BloombergLONDON (Bloomberg) — British Prime Minister Boris Johnson reiterated that the so-called Irish backstop will need to be dropped from Britain’s divorce plan from the European Union before a broader Brexit deal can be reached, an approach rejected by EU leaders last week.
“We can’t do it as long as that anti-democratic backstop, that backstop that seeks to divide our country, divide the U.K., remains in place,” Johnson said Saturday in Manchester a day after talking with leaders from Europe. “We need to get it out and then we can make progress.”
The newly sworn-in leader of the British government is confident a deal can be reached, saying he has good relations with many European leaders and is “mystified” by reports claiming otherwise. The backstop provision is hated by many Brexiteers — Johnson included.
The EU rejected Johnson’s demand to renegotiate the Brexit withdrawal deal struck by his predecessor Theresa May, including the Irish border backstop. EU Commission President Jean-Claude Juncker told Johnson that the Withdrawal Agreement —which Parliament has rejected three times — was the “best and only agreement possible.”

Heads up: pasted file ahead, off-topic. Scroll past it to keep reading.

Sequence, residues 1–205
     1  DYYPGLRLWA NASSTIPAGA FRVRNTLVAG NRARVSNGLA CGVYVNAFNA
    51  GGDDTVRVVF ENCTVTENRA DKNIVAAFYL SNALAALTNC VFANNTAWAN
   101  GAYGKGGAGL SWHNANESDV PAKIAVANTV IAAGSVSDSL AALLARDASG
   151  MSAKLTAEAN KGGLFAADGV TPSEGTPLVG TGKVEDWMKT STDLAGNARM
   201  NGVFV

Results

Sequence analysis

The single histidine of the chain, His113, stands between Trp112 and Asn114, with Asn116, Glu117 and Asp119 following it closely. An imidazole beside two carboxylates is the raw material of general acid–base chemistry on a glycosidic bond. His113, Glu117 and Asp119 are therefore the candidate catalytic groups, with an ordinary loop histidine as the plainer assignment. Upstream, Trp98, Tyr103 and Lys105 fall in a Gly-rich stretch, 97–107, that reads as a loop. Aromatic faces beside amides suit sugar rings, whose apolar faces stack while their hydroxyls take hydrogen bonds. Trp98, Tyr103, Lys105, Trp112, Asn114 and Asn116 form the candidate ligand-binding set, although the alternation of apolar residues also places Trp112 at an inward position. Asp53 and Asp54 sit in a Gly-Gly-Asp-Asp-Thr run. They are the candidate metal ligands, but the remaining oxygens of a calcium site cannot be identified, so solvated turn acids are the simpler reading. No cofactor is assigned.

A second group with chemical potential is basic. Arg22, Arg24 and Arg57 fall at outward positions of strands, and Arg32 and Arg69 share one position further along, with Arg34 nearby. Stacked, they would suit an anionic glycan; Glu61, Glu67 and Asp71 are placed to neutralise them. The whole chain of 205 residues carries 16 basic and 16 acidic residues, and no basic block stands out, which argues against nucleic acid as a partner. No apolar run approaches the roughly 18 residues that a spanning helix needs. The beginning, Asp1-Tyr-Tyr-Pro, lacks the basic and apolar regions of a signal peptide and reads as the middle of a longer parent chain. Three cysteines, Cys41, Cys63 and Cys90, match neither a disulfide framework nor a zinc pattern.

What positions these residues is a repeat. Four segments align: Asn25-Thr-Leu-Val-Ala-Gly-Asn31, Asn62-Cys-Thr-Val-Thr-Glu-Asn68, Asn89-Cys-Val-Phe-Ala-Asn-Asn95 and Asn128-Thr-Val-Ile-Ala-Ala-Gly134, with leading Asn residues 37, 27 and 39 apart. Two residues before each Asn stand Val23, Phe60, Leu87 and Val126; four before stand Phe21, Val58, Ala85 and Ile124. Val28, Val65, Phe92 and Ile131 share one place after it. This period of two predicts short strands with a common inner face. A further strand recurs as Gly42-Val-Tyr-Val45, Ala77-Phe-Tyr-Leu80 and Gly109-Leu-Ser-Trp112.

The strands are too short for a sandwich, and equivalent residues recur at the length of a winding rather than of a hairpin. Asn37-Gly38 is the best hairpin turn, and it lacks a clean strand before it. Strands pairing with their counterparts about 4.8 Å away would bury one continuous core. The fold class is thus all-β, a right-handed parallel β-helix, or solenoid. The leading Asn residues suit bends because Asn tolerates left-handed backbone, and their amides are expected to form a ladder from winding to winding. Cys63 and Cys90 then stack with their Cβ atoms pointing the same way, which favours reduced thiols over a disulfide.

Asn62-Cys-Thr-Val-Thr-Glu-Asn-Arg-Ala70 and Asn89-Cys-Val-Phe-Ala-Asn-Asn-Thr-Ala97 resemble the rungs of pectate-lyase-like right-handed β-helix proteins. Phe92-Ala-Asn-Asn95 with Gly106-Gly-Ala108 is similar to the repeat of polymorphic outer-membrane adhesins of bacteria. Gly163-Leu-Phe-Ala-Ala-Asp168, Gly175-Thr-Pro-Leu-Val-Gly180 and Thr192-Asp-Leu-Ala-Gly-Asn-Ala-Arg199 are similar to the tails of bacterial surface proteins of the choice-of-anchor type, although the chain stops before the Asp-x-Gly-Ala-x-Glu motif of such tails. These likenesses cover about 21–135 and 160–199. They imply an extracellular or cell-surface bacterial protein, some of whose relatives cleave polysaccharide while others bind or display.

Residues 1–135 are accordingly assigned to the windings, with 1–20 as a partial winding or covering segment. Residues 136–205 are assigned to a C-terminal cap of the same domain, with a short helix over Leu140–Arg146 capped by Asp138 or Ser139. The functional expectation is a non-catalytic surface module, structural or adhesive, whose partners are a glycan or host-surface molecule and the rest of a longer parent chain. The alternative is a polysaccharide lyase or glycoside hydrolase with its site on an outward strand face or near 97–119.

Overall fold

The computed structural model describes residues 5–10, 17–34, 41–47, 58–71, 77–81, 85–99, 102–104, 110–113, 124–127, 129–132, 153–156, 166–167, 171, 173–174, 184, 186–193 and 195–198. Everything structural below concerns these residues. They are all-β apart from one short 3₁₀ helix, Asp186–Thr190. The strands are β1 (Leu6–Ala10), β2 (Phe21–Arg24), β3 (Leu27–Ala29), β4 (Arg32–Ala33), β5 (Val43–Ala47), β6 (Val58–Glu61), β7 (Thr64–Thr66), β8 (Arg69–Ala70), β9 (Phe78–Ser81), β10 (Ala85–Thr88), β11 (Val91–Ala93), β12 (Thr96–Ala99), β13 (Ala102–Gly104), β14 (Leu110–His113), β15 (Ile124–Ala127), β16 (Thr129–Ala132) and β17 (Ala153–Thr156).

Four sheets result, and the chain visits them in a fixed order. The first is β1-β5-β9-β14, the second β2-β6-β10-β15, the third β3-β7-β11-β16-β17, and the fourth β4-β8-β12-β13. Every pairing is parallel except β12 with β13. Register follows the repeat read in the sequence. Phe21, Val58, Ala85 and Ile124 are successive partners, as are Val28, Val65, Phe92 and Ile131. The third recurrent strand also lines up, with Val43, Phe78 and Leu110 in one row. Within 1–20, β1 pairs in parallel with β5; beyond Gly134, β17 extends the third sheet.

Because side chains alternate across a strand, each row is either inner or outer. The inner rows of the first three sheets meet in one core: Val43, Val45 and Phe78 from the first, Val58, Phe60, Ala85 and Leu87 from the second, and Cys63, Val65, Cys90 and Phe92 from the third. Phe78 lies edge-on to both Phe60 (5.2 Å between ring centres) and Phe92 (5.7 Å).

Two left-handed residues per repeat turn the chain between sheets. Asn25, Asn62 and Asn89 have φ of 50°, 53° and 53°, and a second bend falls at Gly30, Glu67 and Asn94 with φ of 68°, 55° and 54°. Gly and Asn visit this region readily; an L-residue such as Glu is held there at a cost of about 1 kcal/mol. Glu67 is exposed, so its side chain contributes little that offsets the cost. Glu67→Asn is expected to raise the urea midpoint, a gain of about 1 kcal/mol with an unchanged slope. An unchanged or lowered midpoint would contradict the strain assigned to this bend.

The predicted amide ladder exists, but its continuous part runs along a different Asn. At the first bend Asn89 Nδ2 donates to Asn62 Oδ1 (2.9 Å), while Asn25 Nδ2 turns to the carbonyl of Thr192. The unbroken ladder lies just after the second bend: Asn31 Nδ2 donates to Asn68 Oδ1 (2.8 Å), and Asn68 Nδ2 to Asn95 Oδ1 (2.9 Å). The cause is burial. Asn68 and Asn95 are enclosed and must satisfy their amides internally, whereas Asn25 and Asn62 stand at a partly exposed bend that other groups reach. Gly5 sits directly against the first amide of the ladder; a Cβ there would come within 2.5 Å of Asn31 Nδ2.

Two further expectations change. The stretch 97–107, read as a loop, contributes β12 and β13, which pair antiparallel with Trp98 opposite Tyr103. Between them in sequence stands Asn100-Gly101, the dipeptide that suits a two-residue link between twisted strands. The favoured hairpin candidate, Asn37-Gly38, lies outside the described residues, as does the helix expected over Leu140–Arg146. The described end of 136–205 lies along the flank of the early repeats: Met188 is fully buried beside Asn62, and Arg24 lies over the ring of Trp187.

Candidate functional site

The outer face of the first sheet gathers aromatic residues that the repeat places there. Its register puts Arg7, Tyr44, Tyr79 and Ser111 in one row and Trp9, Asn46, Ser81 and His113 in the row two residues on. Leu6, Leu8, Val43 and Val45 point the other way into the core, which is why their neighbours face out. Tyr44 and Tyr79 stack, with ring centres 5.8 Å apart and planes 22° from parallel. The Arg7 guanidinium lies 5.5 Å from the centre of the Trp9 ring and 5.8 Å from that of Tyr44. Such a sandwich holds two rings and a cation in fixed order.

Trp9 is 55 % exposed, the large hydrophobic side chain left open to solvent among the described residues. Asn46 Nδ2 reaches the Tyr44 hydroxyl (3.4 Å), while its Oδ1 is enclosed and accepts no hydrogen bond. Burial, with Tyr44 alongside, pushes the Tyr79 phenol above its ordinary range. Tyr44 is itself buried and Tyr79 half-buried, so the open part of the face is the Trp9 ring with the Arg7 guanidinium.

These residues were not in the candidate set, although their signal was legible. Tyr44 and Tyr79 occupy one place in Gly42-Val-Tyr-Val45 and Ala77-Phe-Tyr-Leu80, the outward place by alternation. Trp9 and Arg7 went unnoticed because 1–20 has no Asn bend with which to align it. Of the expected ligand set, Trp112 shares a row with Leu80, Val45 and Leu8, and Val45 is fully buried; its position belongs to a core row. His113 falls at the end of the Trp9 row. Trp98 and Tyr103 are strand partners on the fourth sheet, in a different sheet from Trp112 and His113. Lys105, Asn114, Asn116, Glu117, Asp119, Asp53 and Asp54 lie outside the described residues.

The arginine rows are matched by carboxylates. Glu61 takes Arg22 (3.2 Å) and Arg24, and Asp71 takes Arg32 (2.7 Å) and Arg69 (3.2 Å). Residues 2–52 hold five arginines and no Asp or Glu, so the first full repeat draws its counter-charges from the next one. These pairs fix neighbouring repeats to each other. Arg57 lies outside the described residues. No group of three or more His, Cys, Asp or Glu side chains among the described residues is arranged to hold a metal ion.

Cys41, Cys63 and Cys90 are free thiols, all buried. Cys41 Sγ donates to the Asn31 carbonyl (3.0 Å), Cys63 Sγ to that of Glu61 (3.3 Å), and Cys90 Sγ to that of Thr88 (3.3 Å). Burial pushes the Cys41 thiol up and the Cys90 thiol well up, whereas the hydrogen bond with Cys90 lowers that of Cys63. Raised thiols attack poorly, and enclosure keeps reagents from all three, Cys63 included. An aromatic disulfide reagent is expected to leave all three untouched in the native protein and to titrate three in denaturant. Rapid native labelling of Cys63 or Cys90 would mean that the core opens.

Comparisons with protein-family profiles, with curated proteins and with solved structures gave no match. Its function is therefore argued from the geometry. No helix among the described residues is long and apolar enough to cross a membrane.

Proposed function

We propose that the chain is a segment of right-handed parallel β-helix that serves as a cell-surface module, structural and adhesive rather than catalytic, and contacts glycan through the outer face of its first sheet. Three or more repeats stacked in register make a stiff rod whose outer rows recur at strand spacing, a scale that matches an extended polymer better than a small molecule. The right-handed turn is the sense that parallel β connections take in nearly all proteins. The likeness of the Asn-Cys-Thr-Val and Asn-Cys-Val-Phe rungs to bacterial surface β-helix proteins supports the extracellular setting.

“The approach of the U.K. government is not going to be disengaged or aloof or waiting for them to come to us. We are going to try to solve this problem. We’re going to have to do it in the spirit of friendship and cooperation,” Johnson said.
The comments come a day after Johnson told French President Emmanuel Macron and German Chancellor Angela Merkel in phone calls that he wants to renegotiate the deal they struck with May. The prime minister said he doubts that May’s deal will be finalized.
Johnson reiterated Britain will leave the EU on Oct. 31 with or without a deal. If neither side backs down, Britain will be on course to drop out of the EU with no agreement in place to ensure smooth cross-border trade and orderly markets. That could trigger delays at ports, shortages of essential supplies including medicines, difficulties with transactions of all stripes and a recession.Speech